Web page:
9/16/2002: Somebody suggested there should be a Google toolbar that runs with any browser and takes up very little screen space. So I wrote one.
12/30/2001: I posted some software I've written. It's a backup program for Windows, for backing up to a CD-RW, network, or Zip drive. It's Freeware, go ahead and try it out, if you like. Just be forewarned, I can't offer much support. Download it here.
11/6/2001: My Cryptography paper is online, titled PGP: An Algorithmic Overview.
6/1/2000: Updated my resume.
3/2000: Despite the fact that my RIT Singers CD is fully legal, I cannot prove it, and so it must be taken down. More details here.
7/1999: Now that I'm looking for a co-op, I should probably have my resume on-line. Here it is, in a web-friendly format.
11/1998: Good god. Somebody threw away an incredible about of category-5 cable. I have it. Grand total: 4,348 feet. That's 83% of a mile. Picture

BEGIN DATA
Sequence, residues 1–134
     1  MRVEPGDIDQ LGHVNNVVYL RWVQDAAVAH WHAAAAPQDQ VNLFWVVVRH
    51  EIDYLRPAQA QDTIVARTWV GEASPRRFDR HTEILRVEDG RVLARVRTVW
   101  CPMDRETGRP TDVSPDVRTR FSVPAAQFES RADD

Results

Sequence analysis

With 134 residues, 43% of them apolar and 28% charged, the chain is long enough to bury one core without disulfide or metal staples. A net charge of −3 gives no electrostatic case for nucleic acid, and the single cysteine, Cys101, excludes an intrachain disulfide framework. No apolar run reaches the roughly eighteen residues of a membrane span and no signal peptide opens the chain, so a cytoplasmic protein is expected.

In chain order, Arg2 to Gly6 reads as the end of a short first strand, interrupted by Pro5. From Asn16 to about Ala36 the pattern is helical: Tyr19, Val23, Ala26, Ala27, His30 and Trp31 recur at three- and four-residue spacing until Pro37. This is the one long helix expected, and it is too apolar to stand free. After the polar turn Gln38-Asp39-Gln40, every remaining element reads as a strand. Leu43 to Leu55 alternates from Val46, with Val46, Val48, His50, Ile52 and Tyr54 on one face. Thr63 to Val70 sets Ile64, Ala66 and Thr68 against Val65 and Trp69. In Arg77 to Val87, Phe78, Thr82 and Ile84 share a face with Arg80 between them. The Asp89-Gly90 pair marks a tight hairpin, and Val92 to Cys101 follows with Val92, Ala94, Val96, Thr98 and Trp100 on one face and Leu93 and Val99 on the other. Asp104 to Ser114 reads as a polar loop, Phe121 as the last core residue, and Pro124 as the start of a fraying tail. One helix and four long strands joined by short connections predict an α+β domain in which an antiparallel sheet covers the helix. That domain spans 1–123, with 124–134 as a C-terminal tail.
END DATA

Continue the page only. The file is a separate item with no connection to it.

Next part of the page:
9/1998: Last year (Spring '98), the RIT Singers recorded their spring concert for a CD. I have ripped the CD and compressed it into MP3 format. Don't worry, it is legal to copy these MP3s, as RIT Singers does not hold any copyrights. Heck, the CD I bought was a CD-R. Anyway, this page contains the entire CD insert with links to the songs.
8/1998: At home, I have a coaxial network cable running between my house and the house next door. During the summer, it appears that lightning struck the cable. It fried my power supply, blew out the first comm. port on my motherboard (I moved COM1 to the second connector), and fried the network card. Here's a cool pic of the damage to the network card. The actual card now holds an honored place among the circuit boards I use for posters.
5/1997: I am the very proud owner of a rack mount cabinet. The CS Department was going to throw it away, so I asked if I could have it. They almost threw away a piece of equipment that is worth about $1,800.00. You can see some pictures of my cabinet (1.2.3).
4/1997: I wrote an algorithm to solve the traveling salesman problem, using the 48 state capitols as data. (The goal of the traveling salesman problem is to find the shortest path that visits everywhere in the system, and then returns to where it started from.) After running billions of mutations, I think I may have found the answer. Look at my tours of the U. S. page.